With NYC’s ever-changing Local Laws, it’s no easy task for owners & managers to stay in the loop on local law updates while managing the day-to-day tasks of managing their properties, so it’s no surprise when owners call us in a panic when they receive an HPD Turnover Audit or Lead Violation.
Our team is here to help owners understand HPD Lead Violations and audits, explain what owners need to do to become compliant so they can respond to Lead Violations & Audits quickly and avoid costly penalties & additional violations.
Easy guide to understanding HPD EXEMPTIONS
“Lead Free’ & “Lead Safe” Status
As a building owner or property manager in New York City, getting an HPD lead exemption can significantly lower your lead disclosure and investigation requirements under Local Law 1 of 2004.
Doing this can help you avoid violations, reduce liability, and save money in the long run.
There are 2 types of HPD lead exemptions you can apply for: Lead Free and Lead Safe.
We’ve put together this guide, to help property owners and managers to easily understand what type of lead exemptions they could qualify for, the benefits of each, and how to apply.
What It Means: All painted surfaces in the building or unit have been tested and are free of lead-based paint.
Requirements: You must prove to HPD that ALL painted surfaces have tested negative for lead-based paint, or that any lead-based paint found (regardless of paint condition) has been permanently removed.
Benefits: You are exempt from all lead disclosure, investigation, turnover, and recordkeeping requirements under Local Law 1.
Ongoing Requirements: None
What It Means: All lead-based paint in the building or unit has been properly contained or encapsulated.
Requirements: You must prove to HPD that any lead-based paint (regardless of paint condition) has been properly abated through containment or encapsulation.
Benefits: You are exempt from lead disclosure, investigation, and turnover requirements, but ongoing monitoring and recordkeeping are still required.
Ongoing Requirements: Any contained or encapsulated surfaces must be visually inspected by the owner every year and undergo a risk assessment by an EPA-certified risk assessor every 2 years. You must maintain 10 years of records for these monitoring activities.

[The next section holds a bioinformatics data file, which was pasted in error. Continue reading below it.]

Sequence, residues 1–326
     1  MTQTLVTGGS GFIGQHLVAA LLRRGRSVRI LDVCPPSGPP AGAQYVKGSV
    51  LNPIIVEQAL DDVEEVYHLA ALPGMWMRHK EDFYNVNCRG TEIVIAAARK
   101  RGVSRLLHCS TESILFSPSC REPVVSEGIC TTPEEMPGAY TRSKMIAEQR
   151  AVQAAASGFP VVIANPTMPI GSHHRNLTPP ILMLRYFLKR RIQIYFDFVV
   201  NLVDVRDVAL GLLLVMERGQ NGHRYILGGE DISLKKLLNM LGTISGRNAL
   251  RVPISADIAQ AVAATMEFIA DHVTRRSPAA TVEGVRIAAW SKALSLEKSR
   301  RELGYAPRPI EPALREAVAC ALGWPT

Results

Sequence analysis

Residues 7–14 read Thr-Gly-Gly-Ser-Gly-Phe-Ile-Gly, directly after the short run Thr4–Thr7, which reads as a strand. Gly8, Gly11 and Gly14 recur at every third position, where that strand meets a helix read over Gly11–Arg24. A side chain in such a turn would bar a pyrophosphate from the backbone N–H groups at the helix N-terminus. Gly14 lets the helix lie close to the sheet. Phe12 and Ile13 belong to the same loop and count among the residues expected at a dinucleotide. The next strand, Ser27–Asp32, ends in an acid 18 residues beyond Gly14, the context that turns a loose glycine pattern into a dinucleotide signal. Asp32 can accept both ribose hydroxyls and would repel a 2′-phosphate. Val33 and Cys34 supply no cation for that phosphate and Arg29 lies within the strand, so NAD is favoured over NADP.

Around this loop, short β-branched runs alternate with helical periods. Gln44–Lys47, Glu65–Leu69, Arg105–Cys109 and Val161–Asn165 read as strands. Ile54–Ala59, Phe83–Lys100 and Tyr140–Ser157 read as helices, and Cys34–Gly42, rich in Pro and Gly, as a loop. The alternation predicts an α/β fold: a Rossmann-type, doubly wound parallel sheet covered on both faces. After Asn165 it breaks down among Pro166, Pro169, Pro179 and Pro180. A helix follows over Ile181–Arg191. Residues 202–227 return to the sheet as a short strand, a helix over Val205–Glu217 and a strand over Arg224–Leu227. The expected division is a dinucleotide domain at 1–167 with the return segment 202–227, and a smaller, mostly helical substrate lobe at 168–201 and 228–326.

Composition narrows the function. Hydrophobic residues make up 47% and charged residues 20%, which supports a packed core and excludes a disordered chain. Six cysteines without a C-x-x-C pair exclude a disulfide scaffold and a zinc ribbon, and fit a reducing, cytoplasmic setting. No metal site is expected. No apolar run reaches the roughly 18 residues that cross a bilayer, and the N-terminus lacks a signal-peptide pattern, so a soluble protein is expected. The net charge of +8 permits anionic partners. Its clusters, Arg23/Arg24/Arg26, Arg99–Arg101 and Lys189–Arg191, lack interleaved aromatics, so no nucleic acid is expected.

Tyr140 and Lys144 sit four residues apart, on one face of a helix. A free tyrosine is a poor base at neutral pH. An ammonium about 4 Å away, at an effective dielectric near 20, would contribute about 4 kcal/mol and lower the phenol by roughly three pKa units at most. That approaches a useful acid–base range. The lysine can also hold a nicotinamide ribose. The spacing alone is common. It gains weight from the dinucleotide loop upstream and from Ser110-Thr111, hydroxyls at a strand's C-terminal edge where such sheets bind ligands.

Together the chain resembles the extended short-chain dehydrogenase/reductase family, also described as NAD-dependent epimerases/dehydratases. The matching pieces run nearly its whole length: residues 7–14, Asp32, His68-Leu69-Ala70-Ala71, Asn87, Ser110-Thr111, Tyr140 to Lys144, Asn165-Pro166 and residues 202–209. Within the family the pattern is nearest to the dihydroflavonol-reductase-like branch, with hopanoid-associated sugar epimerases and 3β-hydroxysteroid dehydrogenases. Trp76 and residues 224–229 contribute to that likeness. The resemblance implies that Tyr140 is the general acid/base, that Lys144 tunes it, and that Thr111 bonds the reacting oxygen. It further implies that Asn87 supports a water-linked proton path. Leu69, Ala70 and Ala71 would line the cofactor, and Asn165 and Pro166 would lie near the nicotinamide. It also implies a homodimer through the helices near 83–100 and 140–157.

Applying for lead exemptions is free and the application is short — most of the work involves compiling the required documentation from testing and abatement (if required).
Step 1: Make Sure Your Building is Registered
In order to apply for a lead exemption, your building must be validly registered with HPD.
Step 2: Choosing Your Application Type
Decide what type of application(s) to submit:
Individual Unit Exemption
Entire building (or common areas only)
Building Complex (multiple buildings built at the same time under the same management)
Step 3: Certified Lead Testing
Hire an EPA-certified lead inspector or risk assessor to test for lead-based paint using an XRF analyzer (and possibly paint chip sampling as well).
After the lead testing is completed, you’ll receive an inspection report as well as the signed and notarized affidavit to include in your application.
If all surfaces have tested negative (no lead-based paint found), on page 3 (Section IV) of the application select “Lead Free – No Abatement Required”.
Step 4: Certified Lead Abatement (If needed)
If some surfaces tested positive for lead-based paint, then you must properly abate it in order to qualify for an exemption.
Any abatement work must be completed by an EPA-certified lead abatement firm using safe work practices, and a copy of their certification is required as part of your application.
The type of abatement method you choose will determine if you qualify for Lead Free or Lead Safe.
Permanent Removal / Replacement — This involves safely removing all lead-based paint from contaminated surfaces or replacing the surfaces themselves. If lead-based paint is successfully abated this way, on page 3 (Section IV) of the application select “Lead Free with Abatement Required.”
Containment — Surfaces with lead paint are covered completely with a hard material, such as sheetrock to prevent direct exposure and stop lead dust or fumes from escaping. If lead-based paint is successfully abated via containment, on page 3 (Section IV) of the application select “Lead Safe.”
Encapsulation — Surfaces with lead paint are covered with a special type of liquid or adhesive called an encapsulant, which seals the paint to the surface and prevents the release of dust or paint chips. Encapsulation cannot be used to abate “high risk areas” “that are subject to chewing, friction and impact, If lead-based paint is successfully abated via encapsulation, on page 3 (Section IV) of the application select “Lead Safe.”
After any form of abatement above, you must also hire an independent EPA-certified firm or individual (cannot be the firm that completed the abatement) to perform dust wipe clearance testing, which ensures that proper clean-up was conducted.
The firm that performs the dust wipe sampling must complete the affidavit on page 20.
Step 5: Required Documentation
Once testing and abatement are completed, it’s time to complete your application and compile the necessary documentation.
Here’s what you’ll be required to submit, depending on the type of exemption that you’re applying for:
For Lead Free (No Abatement Required):